In the 16th episode of the business intelligence report in partnership with Bright Talk, we’ll be taking a deeper look into machine learning solutions, in particular, data-centric machine learning and machine learning pipelines, in conversation with Rajdeep Biswas, Director, Advanced Analytics & Machine Learning at Microsoft and Nik Spirin, Co-founder & CEO at Metapixel AI
We’ve touched upon the importance of data quality, and what we might term sort of a data-centric strategy around machine learning development. Now, what’s your understanding of a machine learning pipeline?
It is important to understand that there is a machine learning model and then there is a machine learning pipeline. The model is just a set of coefficients that defines the mapping between the input between the features of a new instance and the target variables.
But the machine learning pipeline is already an engineering concept; it’s a system-level concept, which defines how you ingest the data, how do you pre-process the data, then how do you push the data through your machine learning model, and ultimately, how do you serve it in a scalable way.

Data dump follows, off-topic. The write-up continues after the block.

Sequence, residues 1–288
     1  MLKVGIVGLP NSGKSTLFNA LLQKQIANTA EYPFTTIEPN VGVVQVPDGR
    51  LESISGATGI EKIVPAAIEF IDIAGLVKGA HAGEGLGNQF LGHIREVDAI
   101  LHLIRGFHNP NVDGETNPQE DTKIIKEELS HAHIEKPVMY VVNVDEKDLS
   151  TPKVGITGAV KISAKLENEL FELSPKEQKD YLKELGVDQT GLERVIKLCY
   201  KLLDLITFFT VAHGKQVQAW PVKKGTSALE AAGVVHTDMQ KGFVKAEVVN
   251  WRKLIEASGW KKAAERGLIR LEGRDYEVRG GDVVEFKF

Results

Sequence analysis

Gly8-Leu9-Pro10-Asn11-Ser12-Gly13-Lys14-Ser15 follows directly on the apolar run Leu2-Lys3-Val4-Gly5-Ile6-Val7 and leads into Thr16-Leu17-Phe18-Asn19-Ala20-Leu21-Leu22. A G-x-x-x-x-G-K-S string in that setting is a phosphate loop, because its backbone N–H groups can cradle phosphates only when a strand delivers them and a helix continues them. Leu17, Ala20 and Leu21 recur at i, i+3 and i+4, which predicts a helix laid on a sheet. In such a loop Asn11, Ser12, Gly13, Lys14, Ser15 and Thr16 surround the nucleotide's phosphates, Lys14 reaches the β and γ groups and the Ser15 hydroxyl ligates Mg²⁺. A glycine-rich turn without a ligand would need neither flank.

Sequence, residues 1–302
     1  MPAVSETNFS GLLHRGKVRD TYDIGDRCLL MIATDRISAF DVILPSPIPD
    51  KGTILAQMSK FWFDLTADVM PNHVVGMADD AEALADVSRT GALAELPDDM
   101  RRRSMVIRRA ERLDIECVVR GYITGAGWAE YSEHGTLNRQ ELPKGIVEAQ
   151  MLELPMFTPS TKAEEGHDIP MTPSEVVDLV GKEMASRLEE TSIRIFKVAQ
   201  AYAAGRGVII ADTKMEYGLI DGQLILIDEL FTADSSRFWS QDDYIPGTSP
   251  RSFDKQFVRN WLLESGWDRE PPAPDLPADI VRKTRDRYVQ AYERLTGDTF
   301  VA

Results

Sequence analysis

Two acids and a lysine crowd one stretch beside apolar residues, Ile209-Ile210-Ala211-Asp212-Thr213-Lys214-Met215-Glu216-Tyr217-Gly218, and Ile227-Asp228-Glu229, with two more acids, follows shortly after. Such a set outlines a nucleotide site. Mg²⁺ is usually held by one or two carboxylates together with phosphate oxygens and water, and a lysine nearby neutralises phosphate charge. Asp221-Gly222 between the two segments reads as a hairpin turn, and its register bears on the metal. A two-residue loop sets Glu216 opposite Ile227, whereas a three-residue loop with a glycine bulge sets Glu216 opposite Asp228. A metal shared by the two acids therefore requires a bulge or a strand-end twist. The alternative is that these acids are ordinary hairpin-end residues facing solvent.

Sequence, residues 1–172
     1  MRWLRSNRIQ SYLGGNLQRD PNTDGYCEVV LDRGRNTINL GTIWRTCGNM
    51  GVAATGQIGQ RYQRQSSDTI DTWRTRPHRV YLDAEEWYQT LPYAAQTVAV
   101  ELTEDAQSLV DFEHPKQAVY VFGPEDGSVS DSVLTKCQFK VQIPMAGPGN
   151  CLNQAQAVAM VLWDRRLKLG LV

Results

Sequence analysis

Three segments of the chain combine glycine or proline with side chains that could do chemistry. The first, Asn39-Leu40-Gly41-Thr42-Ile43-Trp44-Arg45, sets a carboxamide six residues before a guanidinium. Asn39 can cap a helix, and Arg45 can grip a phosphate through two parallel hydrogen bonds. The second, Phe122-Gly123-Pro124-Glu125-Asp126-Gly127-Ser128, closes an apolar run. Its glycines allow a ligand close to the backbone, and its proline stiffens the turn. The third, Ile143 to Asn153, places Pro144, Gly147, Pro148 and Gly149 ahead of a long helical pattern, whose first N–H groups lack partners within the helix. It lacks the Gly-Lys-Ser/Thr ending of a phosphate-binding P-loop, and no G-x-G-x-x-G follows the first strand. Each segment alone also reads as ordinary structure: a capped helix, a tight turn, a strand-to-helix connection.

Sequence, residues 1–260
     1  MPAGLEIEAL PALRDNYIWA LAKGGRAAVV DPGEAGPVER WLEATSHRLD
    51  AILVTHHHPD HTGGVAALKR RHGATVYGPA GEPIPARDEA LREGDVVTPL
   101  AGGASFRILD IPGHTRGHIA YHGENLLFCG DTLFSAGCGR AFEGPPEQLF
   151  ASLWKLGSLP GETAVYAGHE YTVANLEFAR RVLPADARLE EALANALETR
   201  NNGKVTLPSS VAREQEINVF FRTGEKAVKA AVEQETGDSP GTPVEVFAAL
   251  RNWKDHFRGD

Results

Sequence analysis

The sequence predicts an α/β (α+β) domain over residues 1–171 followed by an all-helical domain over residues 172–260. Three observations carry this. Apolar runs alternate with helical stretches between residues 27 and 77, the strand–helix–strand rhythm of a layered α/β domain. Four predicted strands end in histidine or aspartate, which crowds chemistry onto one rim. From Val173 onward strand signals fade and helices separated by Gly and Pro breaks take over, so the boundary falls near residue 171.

Essentially, the entire chain of data processing delivers end to end experience from data ingestion down to a specific prediction .
From this perspective, there are two types of pipelines: the training pipeline and the inference pipeline. The training pipeline is necessary for creating a model and it must maintain reproducibility properties such that once you have a model, given the same data, you could get the same model, which is statistically insignificant from the one that you had before.
Then the inference model helps to answer the question on how to take an already trained model, taking a new piece of data that passes through the entire processing mechanism of your back end, and then serve it in a scalable manner. In that case, the focus shifts to model maintenance, model monitoring, and essentially, everything that happens after the model is put into production to interact with real users.
One thing that people need to understand is the concept of model performance model drift and data drift. How does this fit into MLOps and in terms of management of models and drift?
Two distinct conversations need to be explored. One is about MLOps
At the moment, we are at a stage where organizations should think about implementing these practices. We need to implement those touchless systems, implementing DevOps cycle where you work on your development environment which automatically moves to QA and then after certain automated tests and some quality gates, each should move to production.
There are challenges to it in terms of data preparation, because we have multiple data sources, multiple formats, and then the cleaning and the transformation.
On the model building side, the choice of algorithms is huge; we cannot restrict the data scientists in terms of choice of language or the development tools, so we need to support a variety of systems. On the model training side, we find several challenges as well, as they are a code-first approach, and this carries several intrinsic issues.